Fraps has the ability to record pixel perfect videos, with the lossless RGB mode, full screen, and provided you have enough power to record at the same fps the game outputs video. But usually you won't so it will lack on the fps department, the fps won't be constant, frame skips. People can live with it though.

If you want a hardware solution, get a good dvd recorder with a hard drive. Video quality won't be as good (lossy) but the fps will be constant and smooth.


tl;dr version

External & Cheap alternative: Dvd Recorder
Fraps Cheap alternative: 1 internal, 7200RPM, SATA 2 or 3, 1-2TB HDD, dedicated to recording.

You are rich alternative: do whatever you want, I dont care

awesomealvin
04-23-2012, 11:45 PM
check speeddemosarchive.com knowledge base, they record speedruns, so they know about fraps.

Perfect setup has a small hard disk for your OS (Windows). This hard drive mostly affects boot time. SSD are used to have very fast boots, but SSDs are not meant for heavy writing so you'd have to configure windows to have its Temp folder on a partition outside this hard drive, unless you have the money to spare...

A bigger disk instead, but partitioned, or a separate one for your programs and everyday files (office, cat pictures, whatever). This one can be 5400RPM unless you have some specific programs that load a lot of stuff and you use regularly.

A huge hard disk for your Steam games (just because you'll probably get to hundreds of steam games eventually), if its high RPM the games will load faster, but if you can live with slower loads then 5400 saves energy (these are called "green" usually).

A huge hard disk (2TB disks are on the market) with high RPM and high bandwidth (SATA 3 nowadays) for recording games. High RPM for average people is 7200RPM (the average speed), anything over that starts to cost double, and that's server grade anyway. To take advantage of the speed you'll need the bandwidth, so make sure your motherboard can pull it off (ie the mobo has to support SATA 3). To get even faster speed you need to make a RAID with them (add more disks), and of course you need to ensure you can make use of the bandwidth. SSD is the next step (final step?), and is the last thing you'd get price-wise. I can record decently with a single 7200RPM disk on SATA 2 by the way.

The disk is better separate because fraps will be writing on it non-stop (or attempting to), so its best if the disk is not doing anything else but working on fraps stuff. If you have the OS and/or the game on the same disk they may be doing some read/writes to different sectors and as such stop your recording for a tiny little bit, if the read/writes are constant (eg a loading screen) then your video frame skips will be constant as well.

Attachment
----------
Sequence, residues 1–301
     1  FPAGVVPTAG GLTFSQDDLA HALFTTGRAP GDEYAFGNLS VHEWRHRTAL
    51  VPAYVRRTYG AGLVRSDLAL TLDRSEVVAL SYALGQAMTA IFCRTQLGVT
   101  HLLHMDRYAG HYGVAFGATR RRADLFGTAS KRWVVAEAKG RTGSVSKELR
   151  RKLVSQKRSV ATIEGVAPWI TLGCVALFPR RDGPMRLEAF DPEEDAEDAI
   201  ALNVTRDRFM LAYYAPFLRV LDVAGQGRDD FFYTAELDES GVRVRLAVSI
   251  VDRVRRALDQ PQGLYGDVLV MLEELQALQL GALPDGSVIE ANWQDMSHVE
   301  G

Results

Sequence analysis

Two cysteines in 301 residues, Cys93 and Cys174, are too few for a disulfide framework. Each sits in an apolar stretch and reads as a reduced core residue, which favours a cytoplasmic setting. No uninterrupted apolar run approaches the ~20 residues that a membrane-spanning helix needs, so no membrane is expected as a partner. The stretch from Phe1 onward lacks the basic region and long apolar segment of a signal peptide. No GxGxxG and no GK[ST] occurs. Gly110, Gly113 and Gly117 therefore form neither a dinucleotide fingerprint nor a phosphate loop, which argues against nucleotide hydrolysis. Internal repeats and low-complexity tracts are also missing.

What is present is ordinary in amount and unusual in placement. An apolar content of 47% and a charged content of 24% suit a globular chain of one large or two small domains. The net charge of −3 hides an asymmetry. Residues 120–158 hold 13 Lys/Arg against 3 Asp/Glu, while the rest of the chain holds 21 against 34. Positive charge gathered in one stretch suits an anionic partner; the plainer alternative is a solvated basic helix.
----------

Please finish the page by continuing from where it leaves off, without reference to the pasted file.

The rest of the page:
You don't want to record to an external hard drive unless you got at least USB 3.0, USB 2.0 doesn't have the bandwidth to record good quality.

Processor wise, get at least two cores so one can run the game and the other fraps. And if your game uses more than one core (and needs it) then you'd need 'n' cores +1, for fraps.

About the motherboard, the higher the bandwidth the better. this doesn't make fraps run faster, it allows your hardware to run full speed. If it isn't up to par, it will limit their speed.

Fraps has the ability to record pixel perfect videos, with the lossless RGB mode, full screen, and provided you have enough power to record at the same fps the game outputs video. But usually you won't so it will lack on the fps department, the fps won't be constant, frame skips. People can live with it though.

If you want a hardware solution, get a good dvd recorder with a hard drive. Video quality won't be as good (lossy) but the fps will be constant and smooth.


tl;dr version

External & Cheap alternative: Dvd Recorder
Fraps Cheap alternative: 1 internal, 7200RPM, SATA 2 or 3, 1-2TB HDD, dedicated to recording.

You are rich alternative: do whatever you want, I dont care

Wow, thanks for the details, I could get a capture card, but I don't know which one to select. If you could help, could you help me find a decent one with a good price?
I don't know which ones are good on this site http://www.pbtech.co.nz/index.php?p=search&sf=capture&x=0&y=0&o=price&d=a

thanks.

awesomealvin
04-24-2012, 12:52 AM
OH WOW, I just found a program like Fraps, it's called DXTORY, it records way more smooth than fraps.. >.>.

I guess I'll just use that for now.
Thanks guys for your help, I really appreciated it.